Agriculture goes online. Sen. Cynthia Villar and DOST Sec. Mario Montejo browsed through SARAI's knowledge portal.
Smarter Agriculture – The project Smarter Approaches to Reinvigorate Agriculture as an Industry in the Philippines (SARAI) joined Department of Science and Technology-Philippine Council for Agriculture, Aquatic, Forestry and Natural Resources Research and Development’s (DOST-PCAARRD) SIPAG Fiesta Exhibit, held at DOST-PCAARRD Technology and Innovation Center (DPTIC), March 2-4, 2016.
DOST Seceretary Mario Montejo and Undersecretary Amy Guevara visited Project SARAI’s exhibit during the first and last day of the exhibit to view and comment on the project’s current outputs and efforts in pushing for smarter agriculture.
Project SARAI showcased five systems and technologies during the exhibit: cost-efficient soil moisture sensors and meters; Smarter Pest Identification Technology (SPId Tech); SARAI-Enhanced Agricultural Monitoring System (SEAMS); automatic weather station (AWS) and unmanned aerial vehicle (UAV); and SARAI Knowledge Portal. All these technologies contribute to refining a smarter agriculture sector, and smarter farming communities.
SARAI Systems and Technologies
1. Cost-efficient soil moisture sensors and meters
These are fabricated soil moisture meters are installed in selected experimental sites for monitoring soil moisture content. Through proactive monitoring, farmers can easily decide when to increase the water level in their farms.
2. Smarter Pest Identification Technology (SPI Tech)
It works like Facebook face recognition each time you want to tag a friend; only that, this time, we’ll be uploading pictures of pests. SPId Tech can identify rice and corn pests through images. Farmers and technicians can upload real-time pest infestation, and the application can identify the pest, and recommend immediate pest management control actions.
3. SARAI-Enhanced Agricultural Monitoring System (SEAMS)
SEAMS uses free and daily updated satellite images from US and Europe. These satellite images are used for near real-time monitoring of the actual area planted to rice and corn. Other uses of SEAMS include land use change, vulnerability assessment, identification of possible breeding grounds of major insect pests, and weather condition in areas without weather stations.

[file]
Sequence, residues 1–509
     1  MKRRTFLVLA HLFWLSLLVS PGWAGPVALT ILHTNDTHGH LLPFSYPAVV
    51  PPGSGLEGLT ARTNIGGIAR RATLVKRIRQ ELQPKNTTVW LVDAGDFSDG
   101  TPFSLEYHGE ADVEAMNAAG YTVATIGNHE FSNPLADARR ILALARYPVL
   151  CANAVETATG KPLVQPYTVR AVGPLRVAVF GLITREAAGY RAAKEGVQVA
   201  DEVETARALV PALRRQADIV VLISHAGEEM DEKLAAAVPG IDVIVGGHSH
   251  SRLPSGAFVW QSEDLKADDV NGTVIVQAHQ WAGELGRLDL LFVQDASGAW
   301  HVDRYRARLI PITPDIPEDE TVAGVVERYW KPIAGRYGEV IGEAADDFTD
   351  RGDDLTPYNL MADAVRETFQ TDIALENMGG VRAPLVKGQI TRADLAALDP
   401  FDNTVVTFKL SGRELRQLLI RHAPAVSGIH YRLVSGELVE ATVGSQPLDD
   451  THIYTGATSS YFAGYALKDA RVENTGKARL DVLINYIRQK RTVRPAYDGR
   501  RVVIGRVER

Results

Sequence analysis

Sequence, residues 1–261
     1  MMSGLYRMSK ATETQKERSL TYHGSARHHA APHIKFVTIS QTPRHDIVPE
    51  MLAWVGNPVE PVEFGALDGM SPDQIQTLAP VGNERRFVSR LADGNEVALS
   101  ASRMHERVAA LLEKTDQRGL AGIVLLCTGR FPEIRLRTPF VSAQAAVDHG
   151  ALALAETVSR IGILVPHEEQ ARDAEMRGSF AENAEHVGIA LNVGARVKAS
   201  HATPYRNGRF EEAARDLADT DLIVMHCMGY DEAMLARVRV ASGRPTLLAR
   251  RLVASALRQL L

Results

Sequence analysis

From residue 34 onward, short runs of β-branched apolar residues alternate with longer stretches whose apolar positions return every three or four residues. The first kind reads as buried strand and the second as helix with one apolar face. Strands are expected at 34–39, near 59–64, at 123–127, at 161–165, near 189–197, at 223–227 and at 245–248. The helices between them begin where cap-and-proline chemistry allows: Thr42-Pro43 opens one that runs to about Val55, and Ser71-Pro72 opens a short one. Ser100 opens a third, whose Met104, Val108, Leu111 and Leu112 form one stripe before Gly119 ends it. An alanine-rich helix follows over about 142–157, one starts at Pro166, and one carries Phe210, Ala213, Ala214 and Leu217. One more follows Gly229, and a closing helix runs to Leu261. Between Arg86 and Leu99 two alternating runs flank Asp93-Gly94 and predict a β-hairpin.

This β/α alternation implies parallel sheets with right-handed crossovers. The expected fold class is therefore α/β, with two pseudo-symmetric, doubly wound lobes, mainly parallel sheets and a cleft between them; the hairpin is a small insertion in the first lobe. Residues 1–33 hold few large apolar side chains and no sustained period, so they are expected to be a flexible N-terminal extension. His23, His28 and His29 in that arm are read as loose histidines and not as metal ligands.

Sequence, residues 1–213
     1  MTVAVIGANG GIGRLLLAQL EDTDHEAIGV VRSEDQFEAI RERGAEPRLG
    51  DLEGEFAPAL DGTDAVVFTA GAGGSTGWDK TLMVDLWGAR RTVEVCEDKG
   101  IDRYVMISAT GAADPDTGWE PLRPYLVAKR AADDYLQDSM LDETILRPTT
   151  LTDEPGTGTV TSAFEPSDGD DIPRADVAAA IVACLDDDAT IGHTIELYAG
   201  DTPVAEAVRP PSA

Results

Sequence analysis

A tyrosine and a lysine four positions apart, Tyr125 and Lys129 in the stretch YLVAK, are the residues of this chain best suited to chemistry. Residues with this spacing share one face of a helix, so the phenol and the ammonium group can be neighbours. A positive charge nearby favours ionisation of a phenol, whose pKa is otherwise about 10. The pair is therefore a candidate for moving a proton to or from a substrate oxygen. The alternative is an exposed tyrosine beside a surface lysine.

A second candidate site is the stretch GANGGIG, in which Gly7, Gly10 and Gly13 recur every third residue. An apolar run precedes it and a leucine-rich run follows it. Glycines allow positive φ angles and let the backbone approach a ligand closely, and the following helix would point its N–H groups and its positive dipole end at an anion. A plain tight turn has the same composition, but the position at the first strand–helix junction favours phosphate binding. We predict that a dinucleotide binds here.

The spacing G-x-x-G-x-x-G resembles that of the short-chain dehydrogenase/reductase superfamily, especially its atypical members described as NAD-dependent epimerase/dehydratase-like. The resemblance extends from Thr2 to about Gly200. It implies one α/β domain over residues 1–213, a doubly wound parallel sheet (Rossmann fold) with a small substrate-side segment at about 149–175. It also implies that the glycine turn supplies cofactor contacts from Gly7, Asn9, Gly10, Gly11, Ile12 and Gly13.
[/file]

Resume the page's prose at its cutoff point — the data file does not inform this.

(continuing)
One output of SEAMS is the crop damage assessment in Nueva Ecija rice farms right after typhoon Lando. The assessment provided the Department of Agriculture Operations (DA Operations) clearer figures of the damages areas, and the areas that can still be replanted with rice.
4. Automatic Weather Station (AWS) and Unmanned Aerial Vehicle (UAV)
Project SARAI has installed AWS in various SUCs nationwide to have a near real-time access to the different weather parameters in cropping areas. The UAV, installed with a multispectral camera, is used to fly over vegetation areas; and the team is refining how to better analyze the images. Possible analysis could include crop health, and spread of pest infestation.
5. SARAI Knowledge Portal
This online knowledge portal houses all the outputs and systems of the program. One special feature of the SARAI knowledge portal ae the interactive maps where the visitors can easily see various information such as: crop suitability maps and vulnerability maps.
Project SARAI is a three-year research program funded by DOST-PCAARRD which aims to develop a crop forecasting and crop monitoring system for six priority crops – rice, corn, coconut, banana, coffee and cacao. Major outputs of the system include planting dates; site-specific nutrient, water, and pest management; crop suitability maps; agricultural monitoring system; SARAI knowledge portal; and capacity building workshops. (Heidi D. Mendoza)